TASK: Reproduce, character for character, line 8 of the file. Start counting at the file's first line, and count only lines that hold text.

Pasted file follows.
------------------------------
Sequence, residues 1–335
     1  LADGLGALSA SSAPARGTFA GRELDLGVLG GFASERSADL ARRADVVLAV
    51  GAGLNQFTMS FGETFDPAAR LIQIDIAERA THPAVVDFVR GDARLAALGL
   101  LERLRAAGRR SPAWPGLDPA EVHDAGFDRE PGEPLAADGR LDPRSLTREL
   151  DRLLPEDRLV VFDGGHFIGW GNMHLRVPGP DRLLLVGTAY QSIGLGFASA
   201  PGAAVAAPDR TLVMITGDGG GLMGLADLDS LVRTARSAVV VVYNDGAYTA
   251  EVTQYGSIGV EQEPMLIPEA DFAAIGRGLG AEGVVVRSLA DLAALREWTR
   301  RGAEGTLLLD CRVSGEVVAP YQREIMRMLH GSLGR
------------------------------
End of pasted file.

   301  RGAEGTLLLD CRVSGEVVAP YQREIMRMLH GSLGR